Performance: 1/10. The new deal was driven by the intensifying chaos in Greece and the European acknowledgement of the seriousness of that country’s problems. There is strong evidence to suggest that Enda Kenny did not understand what had been agreed at the summit. In a post-summit interview with RTE in what looked like a photocopying room in the summit building inBrussels, Enda was unable to even estimate the effect of the concession. If anything, his second, Minister for Europe Lucinda Creighton looked even more baffled. It took days and weeks before the Irish side was able to put a concrete number to the effect of the outcome of the summit. Portugal, which entered into a bailout programme in April 2011, just four months after Ireland, secured the EXACT SAME conditions on its loans, but it did not have to offer up any concession on its corporate tax arrangements. The outcome suggests that even if we had no representative at the summit, we would have obtained the same deal but without the corporate tax concession, because “solidarity” should have meant an equality of treatment between Ireland and Portugal, not happy-clappy unicorns-and-rainbows “solidarity” but the understanding that if one small country is bullied into unusual concessions without other countries standing up in solidarity, then such bullying might visit other countries in the future.
When and what: September 2011 onwards, “re-engineer” the IBRC promissory note debt of €30bn so as to reduce its burden on the Irish economy.
Negotiation objective: Unclear but reductions in the interest rate of the promissory notes, an extension of the period in which the promissory notes can be paid and a cheap source of funding for the promissory notes have all been mentioned.
Negotiation outcome: 1/10. Apparently there is a so-called “technical” paper still being produced, but as of last week when Enda Kenny answered a question in the Dail, it was still not completed.
Performance: 1/10. It’s been 10 months since Minister Noonan started throwing shapes around the promissory notes. He met with then-ECB president Jean Claude Trichet last September 2011. The Troika came and went on their review mission in October 2011 and there wasn’t a dickybird about the promissory notes, and in January 2012 An Taoiseach announced that the Troika was preparing a technical paper which might then be circulated to the ECB. Five months later, and still nothing. Not even a technical paper.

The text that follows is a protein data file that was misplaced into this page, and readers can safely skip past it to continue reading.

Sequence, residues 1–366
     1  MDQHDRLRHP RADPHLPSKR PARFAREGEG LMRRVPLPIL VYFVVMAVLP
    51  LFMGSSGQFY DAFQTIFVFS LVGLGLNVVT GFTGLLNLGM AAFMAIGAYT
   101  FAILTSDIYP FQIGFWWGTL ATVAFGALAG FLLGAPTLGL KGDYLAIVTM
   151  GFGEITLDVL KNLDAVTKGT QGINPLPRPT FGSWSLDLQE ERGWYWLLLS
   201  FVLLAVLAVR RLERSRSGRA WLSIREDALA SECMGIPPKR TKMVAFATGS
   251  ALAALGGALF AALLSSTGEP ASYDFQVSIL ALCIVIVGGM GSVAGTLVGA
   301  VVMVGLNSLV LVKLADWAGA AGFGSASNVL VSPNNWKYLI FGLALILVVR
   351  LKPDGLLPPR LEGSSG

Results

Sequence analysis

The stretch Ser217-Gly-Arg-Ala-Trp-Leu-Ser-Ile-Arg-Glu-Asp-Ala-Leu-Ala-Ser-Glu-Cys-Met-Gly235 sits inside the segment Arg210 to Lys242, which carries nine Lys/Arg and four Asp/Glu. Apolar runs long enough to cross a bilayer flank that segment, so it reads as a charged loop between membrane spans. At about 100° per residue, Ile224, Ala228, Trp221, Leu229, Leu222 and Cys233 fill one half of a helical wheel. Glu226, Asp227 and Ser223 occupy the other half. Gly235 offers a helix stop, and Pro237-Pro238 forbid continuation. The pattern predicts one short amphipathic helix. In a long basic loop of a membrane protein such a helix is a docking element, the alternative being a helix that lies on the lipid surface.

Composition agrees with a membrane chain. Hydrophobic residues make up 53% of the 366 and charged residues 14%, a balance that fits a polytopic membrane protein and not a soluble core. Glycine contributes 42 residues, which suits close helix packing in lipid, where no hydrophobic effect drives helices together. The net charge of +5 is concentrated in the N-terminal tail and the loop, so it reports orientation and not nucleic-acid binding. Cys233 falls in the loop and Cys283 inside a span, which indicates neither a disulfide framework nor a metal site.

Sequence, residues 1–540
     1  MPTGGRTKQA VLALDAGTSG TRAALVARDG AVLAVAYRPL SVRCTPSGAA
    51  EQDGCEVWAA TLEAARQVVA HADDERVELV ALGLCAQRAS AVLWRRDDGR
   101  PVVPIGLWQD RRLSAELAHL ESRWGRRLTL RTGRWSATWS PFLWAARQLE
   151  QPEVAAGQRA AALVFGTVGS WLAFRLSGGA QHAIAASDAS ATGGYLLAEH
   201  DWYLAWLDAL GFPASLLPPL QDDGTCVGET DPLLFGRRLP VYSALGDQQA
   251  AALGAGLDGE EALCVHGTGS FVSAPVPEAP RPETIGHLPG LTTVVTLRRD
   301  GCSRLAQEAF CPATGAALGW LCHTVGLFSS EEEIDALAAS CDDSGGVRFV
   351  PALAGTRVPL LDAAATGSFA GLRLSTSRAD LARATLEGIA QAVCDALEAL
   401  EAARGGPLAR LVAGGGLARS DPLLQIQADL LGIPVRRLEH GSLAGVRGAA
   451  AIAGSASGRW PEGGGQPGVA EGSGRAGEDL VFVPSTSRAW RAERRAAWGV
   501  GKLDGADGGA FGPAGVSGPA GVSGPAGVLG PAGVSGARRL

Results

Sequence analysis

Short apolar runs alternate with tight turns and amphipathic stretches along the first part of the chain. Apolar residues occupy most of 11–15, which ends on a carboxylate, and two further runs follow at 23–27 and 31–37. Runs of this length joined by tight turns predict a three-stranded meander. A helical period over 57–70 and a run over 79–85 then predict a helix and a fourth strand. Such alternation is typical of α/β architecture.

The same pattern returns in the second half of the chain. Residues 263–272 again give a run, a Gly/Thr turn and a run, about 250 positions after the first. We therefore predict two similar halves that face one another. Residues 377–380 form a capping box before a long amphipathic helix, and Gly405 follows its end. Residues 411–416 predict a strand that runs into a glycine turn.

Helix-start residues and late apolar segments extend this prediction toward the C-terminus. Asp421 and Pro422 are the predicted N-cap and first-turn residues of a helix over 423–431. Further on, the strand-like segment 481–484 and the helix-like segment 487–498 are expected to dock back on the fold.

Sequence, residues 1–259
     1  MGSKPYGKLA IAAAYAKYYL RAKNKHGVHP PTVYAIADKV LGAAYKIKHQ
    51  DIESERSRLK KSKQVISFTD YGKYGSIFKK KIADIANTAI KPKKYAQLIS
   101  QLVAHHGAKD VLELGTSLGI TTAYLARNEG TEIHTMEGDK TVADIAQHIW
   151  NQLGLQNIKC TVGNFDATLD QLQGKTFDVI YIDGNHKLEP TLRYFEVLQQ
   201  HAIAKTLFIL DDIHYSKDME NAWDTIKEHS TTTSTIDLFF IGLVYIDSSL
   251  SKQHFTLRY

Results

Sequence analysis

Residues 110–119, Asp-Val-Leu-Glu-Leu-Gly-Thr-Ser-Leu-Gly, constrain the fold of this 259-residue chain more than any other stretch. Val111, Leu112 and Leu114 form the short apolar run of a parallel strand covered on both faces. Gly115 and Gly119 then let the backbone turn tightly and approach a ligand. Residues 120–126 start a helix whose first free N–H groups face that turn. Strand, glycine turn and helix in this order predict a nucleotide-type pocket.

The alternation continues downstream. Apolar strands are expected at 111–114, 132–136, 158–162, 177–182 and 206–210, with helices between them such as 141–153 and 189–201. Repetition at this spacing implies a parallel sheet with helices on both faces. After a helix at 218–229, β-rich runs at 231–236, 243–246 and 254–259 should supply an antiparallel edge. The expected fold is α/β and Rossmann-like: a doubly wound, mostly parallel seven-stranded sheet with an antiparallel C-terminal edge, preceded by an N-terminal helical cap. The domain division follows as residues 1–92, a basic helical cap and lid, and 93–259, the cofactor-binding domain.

When and what: March 2012, avoid the payment to IBRC of €3.06bn in respect of promissory notes given by the previous government
Negotiation objective: Defer the payment of the €3.1b promissory note payment that fell due in March 2012 in order to give space to the ongoing discussions about the overall promissory note obligation of €30bn.
Negotiation outcome: 3/10. Mixed outcome. Minister Noonan failed utterly with the ECB to secure any arrangement which deferred the payment. However there is success in getting firstly NAMA and from today, seemingly, Bank of Ireland to lend the government cash at 2.35% per annum when the April 2013 Irish sovereign bond is trading at over 4% and the January 2014 bond is trading at over 6%. We might carp at NAMA being arm-twisted in providing cheap funding, though NAMA says it provided the funding on arms-length commercial terms. We might wonder why Bank of Ireland, in which the State has only a minority interest of 15%, has agreed to such an arrangement when the open-market is providing a far greater return. But bottom line, the Government has saved the difference between the 3.5% per annum it would have paid to the Troika for the cash to pay the promissory note in March 2012 and the 2.35% per annum which it is paying to NAMA and Bank of Ireland. On €3bn, that’s a saving of €45m over the 15 months that the arrangement is expected to last. Not a huge saving, but nonetheless, a minor win.